In the summer of 1985, a massive event was organised simultaneously at the Wembley Stadium in the United Kingdom and the John F Kennedy Stadium in the United States. An estimated 1.9 billion people across 150 nations watched the Live Aid concert.
As an aspiring law student in England, I was one of the 1.9 billion who watched this global event, as 70 of the world’s biggest bands got together to raise money to combat hunger in Ethiopia.
Thirty-five years later, we are discussing hunger once again. This time, it is not Ethiopia, but India. India, the home of the Green Revolution now lags behind Ethiopia on the Global Hunger Index (GHI). The five countries ranked just above India are Tanzania, Burkina Faso, Congo, Ethiopia and Angola; while the five countries that rank just below India are Sudan, North Korea, Rwanda, Nigeria and Afghanistan.
In an alternative universe, a country facing such a ‘serious’ hunger issue would have embarked on a farmer-incentivisation programme on a massive scale, announced more state interventions to ensure better food production, procurement, storage, and distribution system, promoted farmers, and ensured adherence to time-tested norms of food procurement.
Almost simultaneously, as the nation discusses the embarrassing indicators in combating hunger, an absurd exercise is under way that threatens to undermine the very basis of Indian agriculture and rural economy. The farm laws, passed with the sole intent of benefiting a select group of chosen traders, will seriously hurt India’s already precarious food situation.
It will result in greater pauperisation of farmers, agriculturists and farm labourers, and impact the rural economy that thrives on agriculture. In fact, the farm Acts will create paupers out of farmers, and they will only benefit the elite class of commodity traders for whom stocking and hoarding are some more malevolent ways of enriching themselves at the cost of the vast majority of Indians.
Let us go beyond the Ethiopian famine almost 35 years ago. Let us revisit another moment in history in 1965. Far away from Wembley stood a frail-looking Indian Prime Minister addressing his compatriots at the Ramlila Grounds in Delhi. On that occasion, India’s second Prime Minister, Lal Bahadur Shastri, gave us a slogan: Jai Jawan, Jai Kisan.
Decades later, Indians relate to the messaging in this slogan very well. A vast majority of our jawans come from kisan families. Do not forget that the sword arm of India is nurtured in the farmlands of India.
In June this year, I went to condole the martyrdom of a soldier from Punjab who had sacrificed his life fighting enemy soldiers in the Galwan valley. The 22-year-old belonged to a small marginal farming family in Moga district, and he was one of the four bravehearts from Punjab who embraced martyrdom. Not surprisingly, most of them come from farming families or families that rely on agriculture.
This creates another challenge for the majority of Indian families. Their families’ livelihood is under attack from the ill-advised farm Bills hurriedly passed in September 2020, and their children are under attack from enemy fire.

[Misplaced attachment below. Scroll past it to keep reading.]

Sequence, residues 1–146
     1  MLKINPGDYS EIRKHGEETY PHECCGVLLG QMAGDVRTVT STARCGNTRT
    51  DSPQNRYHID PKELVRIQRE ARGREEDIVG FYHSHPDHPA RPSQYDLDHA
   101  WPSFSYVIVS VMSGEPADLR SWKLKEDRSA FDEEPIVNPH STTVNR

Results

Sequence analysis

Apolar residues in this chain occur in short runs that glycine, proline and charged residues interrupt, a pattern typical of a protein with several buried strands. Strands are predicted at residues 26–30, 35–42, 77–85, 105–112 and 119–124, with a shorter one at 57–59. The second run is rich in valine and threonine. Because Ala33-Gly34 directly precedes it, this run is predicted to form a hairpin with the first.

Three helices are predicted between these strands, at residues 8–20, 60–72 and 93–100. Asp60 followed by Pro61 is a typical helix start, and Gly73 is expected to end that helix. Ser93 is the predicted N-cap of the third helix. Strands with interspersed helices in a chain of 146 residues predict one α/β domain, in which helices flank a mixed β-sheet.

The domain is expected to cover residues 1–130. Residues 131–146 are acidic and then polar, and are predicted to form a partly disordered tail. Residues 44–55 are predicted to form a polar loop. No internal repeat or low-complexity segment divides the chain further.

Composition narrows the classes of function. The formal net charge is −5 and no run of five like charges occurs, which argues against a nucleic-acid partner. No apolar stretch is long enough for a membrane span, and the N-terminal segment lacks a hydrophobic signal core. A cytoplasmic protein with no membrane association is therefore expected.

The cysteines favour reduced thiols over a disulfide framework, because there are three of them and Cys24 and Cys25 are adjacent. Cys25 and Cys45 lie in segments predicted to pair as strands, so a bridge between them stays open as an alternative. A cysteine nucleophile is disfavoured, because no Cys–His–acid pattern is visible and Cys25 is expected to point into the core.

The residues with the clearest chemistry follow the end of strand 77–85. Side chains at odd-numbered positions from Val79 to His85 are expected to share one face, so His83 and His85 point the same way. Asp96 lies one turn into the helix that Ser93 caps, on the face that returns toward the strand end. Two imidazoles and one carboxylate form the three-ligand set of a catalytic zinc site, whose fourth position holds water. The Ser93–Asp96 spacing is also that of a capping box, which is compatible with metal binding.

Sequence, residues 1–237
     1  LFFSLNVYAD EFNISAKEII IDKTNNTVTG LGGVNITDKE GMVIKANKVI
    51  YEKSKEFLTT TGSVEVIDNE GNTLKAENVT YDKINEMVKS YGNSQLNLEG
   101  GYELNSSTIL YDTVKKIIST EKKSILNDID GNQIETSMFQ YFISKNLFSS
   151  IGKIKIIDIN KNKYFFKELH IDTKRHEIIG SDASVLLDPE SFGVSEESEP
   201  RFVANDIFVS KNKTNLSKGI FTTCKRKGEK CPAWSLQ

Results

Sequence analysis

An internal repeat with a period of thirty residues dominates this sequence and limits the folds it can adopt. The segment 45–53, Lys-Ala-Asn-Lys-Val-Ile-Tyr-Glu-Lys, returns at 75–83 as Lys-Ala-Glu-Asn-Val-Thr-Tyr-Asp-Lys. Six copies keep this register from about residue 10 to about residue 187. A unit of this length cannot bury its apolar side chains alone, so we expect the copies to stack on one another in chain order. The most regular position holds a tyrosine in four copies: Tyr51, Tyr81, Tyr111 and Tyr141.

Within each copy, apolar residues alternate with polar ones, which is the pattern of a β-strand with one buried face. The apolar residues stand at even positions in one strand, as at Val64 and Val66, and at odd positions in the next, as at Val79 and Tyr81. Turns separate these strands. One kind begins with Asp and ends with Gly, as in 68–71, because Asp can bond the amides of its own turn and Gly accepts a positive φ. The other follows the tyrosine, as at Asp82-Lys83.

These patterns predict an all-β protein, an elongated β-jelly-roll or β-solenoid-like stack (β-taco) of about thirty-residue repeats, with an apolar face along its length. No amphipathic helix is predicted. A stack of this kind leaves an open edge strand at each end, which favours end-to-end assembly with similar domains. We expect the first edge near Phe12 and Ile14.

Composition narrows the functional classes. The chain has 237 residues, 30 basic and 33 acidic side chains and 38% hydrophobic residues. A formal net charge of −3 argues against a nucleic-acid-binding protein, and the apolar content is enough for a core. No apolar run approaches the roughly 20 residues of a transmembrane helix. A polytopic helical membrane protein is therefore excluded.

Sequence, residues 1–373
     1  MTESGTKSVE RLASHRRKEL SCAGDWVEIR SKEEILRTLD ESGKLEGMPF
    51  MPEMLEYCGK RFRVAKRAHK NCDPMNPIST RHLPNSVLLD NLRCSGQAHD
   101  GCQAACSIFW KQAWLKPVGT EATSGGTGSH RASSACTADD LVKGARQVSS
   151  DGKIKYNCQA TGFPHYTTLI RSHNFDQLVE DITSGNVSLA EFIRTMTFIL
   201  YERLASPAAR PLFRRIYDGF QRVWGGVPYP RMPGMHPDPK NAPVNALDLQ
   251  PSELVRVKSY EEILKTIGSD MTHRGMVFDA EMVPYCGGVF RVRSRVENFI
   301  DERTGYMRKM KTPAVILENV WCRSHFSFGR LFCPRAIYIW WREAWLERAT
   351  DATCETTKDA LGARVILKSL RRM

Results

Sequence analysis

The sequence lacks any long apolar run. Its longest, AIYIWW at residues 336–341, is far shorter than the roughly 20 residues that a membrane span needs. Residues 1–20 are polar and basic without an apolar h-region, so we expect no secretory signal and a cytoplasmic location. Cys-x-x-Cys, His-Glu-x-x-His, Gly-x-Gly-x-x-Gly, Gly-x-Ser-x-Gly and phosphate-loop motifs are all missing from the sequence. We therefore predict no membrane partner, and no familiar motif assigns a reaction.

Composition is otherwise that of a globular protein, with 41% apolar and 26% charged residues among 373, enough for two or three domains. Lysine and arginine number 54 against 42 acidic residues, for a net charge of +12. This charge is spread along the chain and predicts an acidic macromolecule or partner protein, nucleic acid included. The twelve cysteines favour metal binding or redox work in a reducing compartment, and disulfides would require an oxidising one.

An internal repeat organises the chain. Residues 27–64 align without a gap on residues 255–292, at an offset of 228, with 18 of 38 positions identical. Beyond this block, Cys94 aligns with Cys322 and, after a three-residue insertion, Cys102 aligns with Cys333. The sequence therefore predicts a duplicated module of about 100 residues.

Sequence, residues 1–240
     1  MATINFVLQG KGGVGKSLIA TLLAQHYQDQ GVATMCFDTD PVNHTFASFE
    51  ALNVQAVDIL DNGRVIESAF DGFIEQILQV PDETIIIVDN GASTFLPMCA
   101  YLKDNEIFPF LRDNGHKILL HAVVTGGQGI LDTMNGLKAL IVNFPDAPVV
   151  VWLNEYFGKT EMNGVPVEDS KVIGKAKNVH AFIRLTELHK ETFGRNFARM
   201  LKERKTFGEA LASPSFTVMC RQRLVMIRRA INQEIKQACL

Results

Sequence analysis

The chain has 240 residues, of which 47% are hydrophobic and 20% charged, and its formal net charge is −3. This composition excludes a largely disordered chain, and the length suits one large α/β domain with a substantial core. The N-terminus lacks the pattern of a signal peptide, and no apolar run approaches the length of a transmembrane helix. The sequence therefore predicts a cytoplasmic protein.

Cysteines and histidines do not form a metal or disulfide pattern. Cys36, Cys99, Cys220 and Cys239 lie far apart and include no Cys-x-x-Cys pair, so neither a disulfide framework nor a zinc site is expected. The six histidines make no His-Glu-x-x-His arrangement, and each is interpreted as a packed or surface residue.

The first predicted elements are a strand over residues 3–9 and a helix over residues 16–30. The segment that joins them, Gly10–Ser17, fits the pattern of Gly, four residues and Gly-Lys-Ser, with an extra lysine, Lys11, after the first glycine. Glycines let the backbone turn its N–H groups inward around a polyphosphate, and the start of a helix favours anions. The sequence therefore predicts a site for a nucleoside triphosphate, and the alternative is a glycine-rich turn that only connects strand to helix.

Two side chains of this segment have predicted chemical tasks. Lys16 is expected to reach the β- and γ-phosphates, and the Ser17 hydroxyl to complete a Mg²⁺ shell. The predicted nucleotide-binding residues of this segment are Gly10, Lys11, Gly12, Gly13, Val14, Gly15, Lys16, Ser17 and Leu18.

To live up to the ideal of Jai Jawan, Jai Kisan, we need to nourish both, and while I have quoted an example from Punjab, let me reiterate that the farmer-soldier kindred is India’s backbone.
Let us travel back another 20 years to revisit a tragic page of the Indian history — the Bengal famine of the 1940s. Experts term it an anthropogenic crisis, clearly stating that the famine was caused not by crop failures but due to lopsided government policies.
The colonial empire practised a denial policy, coupled with deceitful practices by traders and commission agents, unauthorised procurement, and war-time measures. This led to distress among farmers, a burgeoning black market, and withholding of stocks, trader speculation and hoarding. The lack of state-sponsored procurement and distribution schemes and abstinence from Indian farmers and agriculturists’ interest led to one of the worst humanitarian crises in the previous century. Millions of deaths, population displacement, land grab, pauperisation, and exploitation of women and children followed. Historians opine that the Bengal famine is a faultline in Churchill’s legacy.
This was the backdrop against which India’s first Prime Minister Jawaharlal Nehru delivered a historic speech in Parliament (1952), stating: “If our food front cracks up, everything else will crack up too.”
It paved the way for India's agricultural development and became the bedrock of India’s Green Revolution. A slew of measures was pursued by successive governments, leading to the establishment of the Minimum Support Price (MSP), the establishment of farm markets, the network of mandis, and a procurement and distribution system that has stood the test of time.
Seven decades later, the three agriculture Acts of 2020 are equivalent to throwing the baby out with the bathwater. The MSP and mandi systems are the heart of the Indian agriculture. The government threatens to undo whatever India has achieved during the previous seven decades by introducing this free-for-all.
Indians are already reeling from twin assaults — the ill-advised demonetisation of 2016 and the inept response to the Covid-19 crisis. The first crisis affected our businesses like never before. The second battered the livelihoods of millions of wage earners, labourers and citizenry alike. The 2020 farm laws are the third attack, and this is an assault on Indian agriculture.
These three reckless moves are a body blow that India cannot afford. And no Live Aid concerts would be able to undo the harm.
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